“All that is necessary to make this world a better place to live in is to love,” wrote Isadora Duncan. The revolutionary’s romanticism was on view in “Body/Soul,” a program by Word Dance Theater of six Duncan works and a raft of others, with that Duncan quote as its epigraph.
Saturday’s performance at Dance Place was clearly a labor of love, conceived by Cynthia Word, artistic director of the company, who also contributed choreography and performed as a kind of transcendent guiding spirit. She has a pronounced penchant for beauty, shared by her collaborators. Georgetown University theater professor Derek Goldman directed, with a light touch — though perhaps too light, as dramatic intent was not always distinct. The terrific Carlos Cesar Rodriguez accompanied several works on piano, playing Brahms, Chopin and Debussy.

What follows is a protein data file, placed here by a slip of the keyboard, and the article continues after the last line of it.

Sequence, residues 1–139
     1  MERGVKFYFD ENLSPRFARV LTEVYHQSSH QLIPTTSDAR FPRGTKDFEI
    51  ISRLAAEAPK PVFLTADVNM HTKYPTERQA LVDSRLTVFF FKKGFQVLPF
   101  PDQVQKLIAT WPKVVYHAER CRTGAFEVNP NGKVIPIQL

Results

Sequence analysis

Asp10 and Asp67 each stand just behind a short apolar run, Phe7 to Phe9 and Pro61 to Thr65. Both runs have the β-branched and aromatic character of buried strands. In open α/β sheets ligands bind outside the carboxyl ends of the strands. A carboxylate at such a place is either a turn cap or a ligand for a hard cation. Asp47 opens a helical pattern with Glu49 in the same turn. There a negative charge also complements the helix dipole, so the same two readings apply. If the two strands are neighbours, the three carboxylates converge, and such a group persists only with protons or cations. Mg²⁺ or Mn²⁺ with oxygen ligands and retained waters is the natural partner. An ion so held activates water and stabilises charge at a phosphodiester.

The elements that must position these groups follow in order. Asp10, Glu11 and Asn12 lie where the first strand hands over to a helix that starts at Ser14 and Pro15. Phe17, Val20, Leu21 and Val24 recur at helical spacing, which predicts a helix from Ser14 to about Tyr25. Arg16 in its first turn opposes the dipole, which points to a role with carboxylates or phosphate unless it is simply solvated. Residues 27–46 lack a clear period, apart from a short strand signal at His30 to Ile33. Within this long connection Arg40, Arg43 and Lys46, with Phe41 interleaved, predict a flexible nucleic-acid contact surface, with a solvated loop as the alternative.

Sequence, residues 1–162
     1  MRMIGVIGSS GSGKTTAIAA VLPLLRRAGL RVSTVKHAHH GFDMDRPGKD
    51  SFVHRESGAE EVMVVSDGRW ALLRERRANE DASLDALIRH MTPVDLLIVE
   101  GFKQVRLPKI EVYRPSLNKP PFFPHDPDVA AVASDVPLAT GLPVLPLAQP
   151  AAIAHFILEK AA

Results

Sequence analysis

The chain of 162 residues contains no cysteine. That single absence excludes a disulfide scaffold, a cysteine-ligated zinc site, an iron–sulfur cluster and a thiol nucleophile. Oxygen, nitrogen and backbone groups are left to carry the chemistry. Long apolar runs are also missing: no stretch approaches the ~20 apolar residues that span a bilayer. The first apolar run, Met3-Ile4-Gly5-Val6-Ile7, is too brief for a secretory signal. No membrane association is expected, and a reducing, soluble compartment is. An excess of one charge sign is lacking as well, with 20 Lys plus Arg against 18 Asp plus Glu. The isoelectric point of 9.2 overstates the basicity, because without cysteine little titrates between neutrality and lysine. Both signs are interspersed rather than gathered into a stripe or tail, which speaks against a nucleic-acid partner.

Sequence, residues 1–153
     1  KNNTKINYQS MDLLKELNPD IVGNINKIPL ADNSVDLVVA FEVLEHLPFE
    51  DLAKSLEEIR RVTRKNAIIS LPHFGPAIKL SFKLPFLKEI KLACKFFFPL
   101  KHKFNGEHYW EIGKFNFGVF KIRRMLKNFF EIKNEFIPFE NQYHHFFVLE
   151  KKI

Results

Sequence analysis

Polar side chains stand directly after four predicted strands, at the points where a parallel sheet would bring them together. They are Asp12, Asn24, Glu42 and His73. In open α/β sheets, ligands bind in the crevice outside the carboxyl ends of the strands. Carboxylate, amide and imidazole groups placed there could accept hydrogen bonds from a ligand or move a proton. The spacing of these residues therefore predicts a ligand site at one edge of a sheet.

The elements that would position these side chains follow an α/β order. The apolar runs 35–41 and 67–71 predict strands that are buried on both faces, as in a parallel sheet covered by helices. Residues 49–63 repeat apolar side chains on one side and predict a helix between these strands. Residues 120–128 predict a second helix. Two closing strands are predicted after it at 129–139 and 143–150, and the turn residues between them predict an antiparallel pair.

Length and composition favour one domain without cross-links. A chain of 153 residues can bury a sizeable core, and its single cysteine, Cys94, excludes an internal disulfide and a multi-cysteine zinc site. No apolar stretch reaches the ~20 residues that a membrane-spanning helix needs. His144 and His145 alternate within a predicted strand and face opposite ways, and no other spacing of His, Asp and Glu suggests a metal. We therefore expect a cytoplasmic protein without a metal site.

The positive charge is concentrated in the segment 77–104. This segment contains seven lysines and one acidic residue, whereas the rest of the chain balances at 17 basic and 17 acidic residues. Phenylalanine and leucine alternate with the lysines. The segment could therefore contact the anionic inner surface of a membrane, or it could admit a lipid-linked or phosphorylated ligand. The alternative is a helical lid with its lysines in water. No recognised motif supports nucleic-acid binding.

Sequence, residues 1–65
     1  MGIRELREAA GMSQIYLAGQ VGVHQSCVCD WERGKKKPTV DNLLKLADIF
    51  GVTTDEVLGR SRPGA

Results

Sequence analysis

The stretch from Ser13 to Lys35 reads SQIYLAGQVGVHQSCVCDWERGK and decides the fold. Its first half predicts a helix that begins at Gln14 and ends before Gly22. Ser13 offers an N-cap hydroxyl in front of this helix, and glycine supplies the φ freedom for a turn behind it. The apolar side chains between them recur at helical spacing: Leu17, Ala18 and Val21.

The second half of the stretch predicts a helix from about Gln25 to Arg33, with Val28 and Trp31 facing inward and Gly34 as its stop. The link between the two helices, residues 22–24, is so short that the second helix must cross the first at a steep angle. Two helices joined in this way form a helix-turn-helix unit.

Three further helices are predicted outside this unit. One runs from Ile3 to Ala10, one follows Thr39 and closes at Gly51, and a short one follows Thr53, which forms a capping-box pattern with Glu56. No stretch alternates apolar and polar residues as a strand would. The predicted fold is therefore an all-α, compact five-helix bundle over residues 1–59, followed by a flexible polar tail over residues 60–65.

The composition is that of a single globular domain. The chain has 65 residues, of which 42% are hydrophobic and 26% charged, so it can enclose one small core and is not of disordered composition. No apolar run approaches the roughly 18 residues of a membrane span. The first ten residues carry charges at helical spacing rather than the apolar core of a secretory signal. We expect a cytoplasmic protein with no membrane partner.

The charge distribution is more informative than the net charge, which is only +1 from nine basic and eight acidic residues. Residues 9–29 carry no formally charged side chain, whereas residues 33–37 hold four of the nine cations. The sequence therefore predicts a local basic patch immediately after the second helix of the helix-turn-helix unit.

Ben Levine’s lighting and set design transformed the black-box theater into a place of shadows and moonlight, and Judith Hansen’s costumes, with fluid skirts and layers of rich colors, were perfect reflections of the dreamy atmosphere.
Many of the more than a dozen short dances were lovely, some were whimsical, and a feeling of lightness and harmony was evident throughout. Yet a more nuanced range of expression would have helped set the pieces apart.
The most striking was “Dear Sylvia,” created by the longtime teacher and choreographer Julia Smith, and featuring Alison Crosby, a jewel among local dancers for the past two decades. She has such an individual way of moving, organic and sensuous, so nothing ever looks awkward or rushed. Here her dance of longing was flecked with whimsy, helped by nostalgic vintage recordings by the Italian singer Rina Ketty, and a thick bouquet of red balloons, which was by turns Crosby’s dance partner and her shelter. Melancholy came and went, chased away by the dancer’s light-footed buoyancy. This was a bit of hard-won wisdom of the heart that we can all embody.